Note: Since DITA 1.3 is not released yet, the specification may change and the information and samples in this post may need to be revised.

Let’s start with context-sensitive help.

Better support of context-sensitive help

The current DITA specification is very limited in terms of support provided for context-sensitive help (CSH). DITA 1.3 plans to address the following two limitations:

  • Inability to manage multiple CSH callback IDs from the same DITA source
  • Inability to specify target runtime display from the DITA source

Managing multiple CSH callback IDs from the same DITA source

When generating CSH from DITA, the <resourceid> element can be used to specify the callback ID, which is the hook used to link the DITA topic to the appropriate user interface area. For example, we used the <resourceid> element as follows for the Web Author help:

<prolog>
 <resourceid appname="cms.webauthor" id="com.ixiasoft.help.assignments.number"/>
</prolog>

The problem with DITA 1.2 is that the <resourceid> metadata is limited in the information it can contain to differentiate between multiple target outputs. For example, consider a topic that is used in three different target outputs: Online help, embedded user assistance, and mobile help. If each target application uses its own callback ID scheme, then multiple different context IDs must be specified for the same topic. Since this information cannot be specified in the DITA 1.2 <resourceid> metadata, the mapping between the DITA source topic and the callback IDs must be maintained outside of the DITA files.

To solve this issue, DITA 1.3 adds three new metadata attributes to <resourceid>:

  • appid: Identifies a referenced topic to an external application
  • ux-context-string: Specifies a callback context ID for that topic
  • ux-source-priority: Since the resourceid metadata can be set at the map level or the topic level, this attribute specifies how to resolve conflicts between callbacks defined in a map and in a topic; valid values are map-takes-priority and topic-takes-priority. So if the resourceid information provided in the topic is different from the resourceid provided for that topic in the map, this attribute specifies which resourceid to use.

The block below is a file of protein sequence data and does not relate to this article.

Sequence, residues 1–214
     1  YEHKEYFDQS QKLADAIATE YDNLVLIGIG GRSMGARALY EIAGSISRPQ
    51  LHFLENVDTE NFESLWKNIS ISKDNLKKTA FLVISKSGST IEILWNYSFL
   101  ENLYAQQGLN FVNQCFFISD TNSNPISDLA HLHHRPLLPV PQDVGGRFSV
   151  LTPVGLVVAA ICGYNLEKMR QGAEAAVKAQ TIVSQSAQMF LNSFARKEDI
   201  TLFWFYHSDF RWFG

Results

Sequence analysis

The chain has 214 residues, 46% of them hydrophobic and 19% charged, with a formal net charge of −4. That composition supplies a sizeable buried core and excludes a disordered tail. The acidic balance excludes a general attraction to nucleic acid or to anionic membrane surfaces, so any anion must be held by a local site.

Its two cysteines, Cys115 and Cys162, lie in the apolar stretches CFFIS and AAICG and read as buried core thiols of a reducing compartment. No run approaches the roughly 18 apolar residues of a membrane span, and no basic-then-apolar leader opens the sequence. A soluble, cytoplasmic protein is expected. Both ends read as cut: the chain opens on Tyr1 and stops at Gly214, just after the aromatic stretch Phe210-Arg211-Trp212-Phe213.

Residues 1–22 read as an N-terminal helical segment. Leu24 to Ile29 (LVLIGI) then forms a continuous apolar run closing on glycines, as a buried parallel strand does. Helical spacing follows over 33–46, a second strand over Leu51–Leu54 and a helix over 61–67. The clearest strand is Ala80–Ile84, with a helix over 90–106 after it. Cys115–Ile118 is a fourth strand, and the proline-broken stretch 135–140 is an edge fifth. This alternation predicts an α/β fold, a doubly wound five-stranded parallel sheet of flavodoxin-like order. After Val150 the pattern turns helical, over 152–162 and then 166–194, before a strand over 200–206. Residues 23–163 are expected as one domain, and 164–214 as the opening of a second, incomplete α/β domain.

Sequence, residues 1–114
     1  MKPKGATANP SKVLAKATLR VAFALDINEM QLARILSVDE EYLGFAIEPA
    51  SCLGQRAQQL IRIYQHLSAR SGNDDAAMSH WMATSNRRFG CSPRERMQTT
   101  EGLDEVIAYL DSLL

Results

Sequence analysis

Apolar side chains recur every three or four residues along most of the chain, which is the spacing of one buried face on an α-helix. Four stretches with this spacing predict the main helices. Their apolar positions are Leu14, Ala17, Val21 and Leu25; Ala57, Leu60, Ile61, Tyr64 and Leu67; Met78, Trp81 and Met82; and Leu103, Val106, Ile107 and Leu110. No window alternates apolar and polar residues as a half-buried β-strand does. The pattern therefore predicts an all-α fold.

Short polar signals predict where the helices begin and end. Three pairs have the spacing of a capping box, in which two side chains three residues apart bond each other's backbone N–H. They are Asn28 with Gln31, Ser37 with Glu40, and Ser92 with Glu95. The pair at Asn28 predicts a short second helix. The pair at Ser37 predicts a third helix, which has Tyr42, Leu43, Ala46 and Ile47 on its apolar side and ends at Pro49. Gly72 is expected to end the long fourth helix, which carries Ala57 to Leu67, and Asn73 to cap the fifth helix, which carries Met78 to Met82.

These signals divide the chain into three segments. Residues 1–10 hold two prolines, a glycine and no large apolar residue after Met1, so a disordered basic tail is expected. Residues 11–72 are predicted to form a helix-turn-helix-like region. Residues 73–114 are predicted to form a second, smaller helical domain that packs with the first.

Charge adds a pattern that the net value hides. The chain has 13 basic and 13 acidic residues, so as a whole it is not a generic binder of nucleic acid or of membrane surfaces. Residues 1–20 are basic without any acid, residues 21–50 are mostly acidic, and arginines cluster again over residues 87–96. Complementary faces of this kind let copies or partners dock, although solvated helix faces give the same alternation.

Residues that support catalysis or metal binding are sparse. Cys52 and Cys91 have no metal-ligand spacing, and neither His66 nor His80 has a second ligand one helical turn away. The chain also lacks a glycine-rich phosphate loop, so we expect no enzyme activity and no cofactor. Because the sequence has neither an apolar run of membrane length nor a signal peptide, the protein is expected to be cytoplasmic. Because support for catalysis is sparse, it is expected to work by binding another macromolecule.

For example, the following code configures callbacks for two target outputs for the create_image topic: One for the Web Author application and one for the Eclipse Client.

<map title=”DITA CMS Help”>
  <topicref href=”create_image.dita” type=”task”>
    <topicmeta>
      <resourceid
        appname=”cms.webauthor”
        appid=”create_image”
        ux-content-string=”com.ixiasoft.webauthor.help.create_image”
        ux-source-priority=”map-takes-priority”/>
      <resourceid
        appname=”cms.eclipseclient”
        appid=”create_image”
        ux-content-string=”com.ixiasoft.eclipseclient.help.create_image”
        ux-source-priority=”map-takes-priority”/>
    </topicmeta>
  </topicref>
</map>

I’m assuming that the appid attribute in DITA 1.3 is replacing the id attribute in DITA 1.2, since I don’t see why we would need both.

Specifying target runtime display from the DITA source

To provide the details of the target display, DITA 1.3 also adds a new element, <ux-window>, and a new attribute for <resourceid>:

  • <ux-window>:  This element lets you configure a target display profile and include information such as the size of the window, some of its features, etc. For example, the following <ux-window> element configures the display for a mobile environment:
    <topicmeta> 
      <ux-window id=”task_window” name=”mobile_ios” top=”10″ left=”20″ 
       height=”400″ width=”500″ 
       features=”status=yes,toolbar=no,menubar=no,location=no” 
       relative=”true” full-screen=”no”/> 
    </topicmeta>
    
  • You can then specify this profile in the ux-windowref attribute of the resourceid, as shown below:
    <resourceid 
     appname=”cms.webauthor” 
     appid=”cms.webauthor.mobile” 
     ux-content-string=”com.ixiasoft.webauthor.help.create_image″ 
     ux-source-priority=”map-takes-priority” 
     ux-windowref=”mobile_ios”/>
    

I’m not sure yet about this new improvement. One of the strengths of DITA has always been to separate the source content from how it will look in the output. I see this kind of specification as more appropriate in a transformation scenario. But maybe it’s a requirement for mobile environments, and since I haven’t had to produce mobile help yet, I’m not allowed to complain. :)